My shoulders are strong. I had the same experience in times past doing barbell presses. Could do DB presses with 115 lb sumbells but as soon as I even did a light warm up with the bar, I had shoulder pain, on the right side. I think going forward I will stick to Dumbells. I got the biggest and most muscular in my life, doing no barbell movements, onlt DBs, other than squats and deadlifts.


My shoulders are fine, the pain is around the clavicle, like it is a tendon. My orthopedic doctor thinks it is my anatomy, just the way my tendons attach to the clavicle and I may need some prolotherapy. All my MRIs, Ultra Sounds came back great, they said my rotator cuffs look fantastic, nothing wrong anywhere.


I am also not a big fan of isolating the delts becaus ethey get hammered when doing chest, and back. Plus dips hammer the shoulders as well.

Link to comment
Share on other sites

I do know that barbells put more stress on the wrists. as opposed to dumbbells and ez curl bars, mabye there is a correllation here





Thank you, I was partially aware of this already, I should have stated what i meant clearer: In general barbells will put more stress (not pain) but willl recrute a larger effort on behalf of your wrists, as they limit the range of motion of the wrists when gripping a straight 'fixed' bar, as it is an unnatural state for the human body. The ez curl bar takes this into consideration as it allows the user to have their wrists on a slight angle "a more natural state".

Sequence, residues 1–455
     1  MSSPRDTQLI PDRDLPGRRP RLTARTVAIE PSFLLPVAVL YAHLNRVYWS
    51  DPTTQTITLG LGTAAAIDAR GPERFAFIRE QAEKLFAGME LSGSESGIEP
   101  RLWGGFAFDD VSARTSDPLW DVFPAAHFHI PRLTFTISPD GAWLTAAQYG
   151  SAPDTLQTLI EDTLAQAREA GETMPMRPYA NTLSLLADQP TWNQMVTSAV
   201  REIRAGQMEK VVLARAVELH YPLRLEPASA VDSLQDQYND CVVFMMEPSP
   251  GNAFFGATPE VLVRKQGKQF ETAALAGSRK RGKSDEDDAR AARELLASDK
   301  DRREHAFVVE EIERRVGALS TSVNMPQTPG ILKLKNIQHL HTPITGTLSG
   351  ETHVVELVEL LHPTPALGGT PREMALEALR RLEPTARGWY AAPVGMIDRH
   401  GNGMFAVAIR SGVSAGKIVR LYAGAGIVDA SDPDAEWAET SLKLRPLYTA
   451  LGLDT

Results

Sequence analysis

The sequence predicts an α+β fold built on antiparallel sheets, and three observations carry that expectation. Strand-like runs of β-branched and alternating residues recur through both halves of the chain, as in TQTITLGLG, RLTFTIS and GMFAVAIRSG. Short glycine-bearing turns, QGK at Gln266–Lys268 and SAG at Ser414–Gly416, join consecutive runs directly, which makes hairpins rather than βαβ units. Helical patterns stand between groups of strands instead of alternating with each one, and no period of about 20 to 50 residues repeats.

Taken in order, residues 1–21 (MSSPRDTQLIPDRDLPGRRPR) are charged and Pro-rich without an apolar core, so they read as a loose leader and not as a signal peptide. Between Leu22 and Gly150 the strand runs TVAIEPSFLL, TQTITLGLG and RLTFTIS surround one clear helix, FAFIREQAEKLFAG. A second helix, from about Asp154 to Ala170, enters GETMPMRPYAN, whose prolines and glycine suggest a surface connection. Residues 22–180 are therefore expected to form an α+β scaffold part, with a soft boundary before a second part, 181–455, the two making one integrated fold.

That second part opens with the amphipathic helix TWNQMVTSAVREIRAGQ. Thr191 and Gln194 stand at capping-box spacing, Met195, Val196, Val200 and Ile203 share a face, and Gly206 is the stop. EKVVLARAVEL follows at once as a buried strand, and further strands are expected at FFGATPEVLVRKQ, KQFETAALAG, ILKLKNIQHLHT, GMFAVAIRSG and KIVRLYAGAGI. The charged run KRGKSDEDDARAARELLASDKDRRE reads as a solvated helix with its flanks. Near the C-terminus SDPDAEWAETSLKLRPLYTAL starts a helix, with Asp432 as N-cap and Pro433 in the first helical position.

You will notice that with an EZ curl bar (cambered bar) you will feel bicep curls more in the actual biceps and virtually nothing in the forearms and wrists, in conjunction to the straight bar, where it puts stress on the wrists and will work the muscles surrounding that area also.

Link to comment
Share on other sites

Plus dips hammer the shoulders as well.

It is funny that you should mention clavicle pain, but only with the chest press.


I got this clavicle pain when doing dips. I have found that if I shift my body around - more weight in the back, keeping my chest up, elbows pointed straight back . . and if I can remember to point my fingers forward instead of gripping the handles - then I don't get that pain in my clavicle. I know it has to do with the fulcrum and torque of the weights in relationship to the body, that determines which muscles and tendons/ligaments are needed for the movement.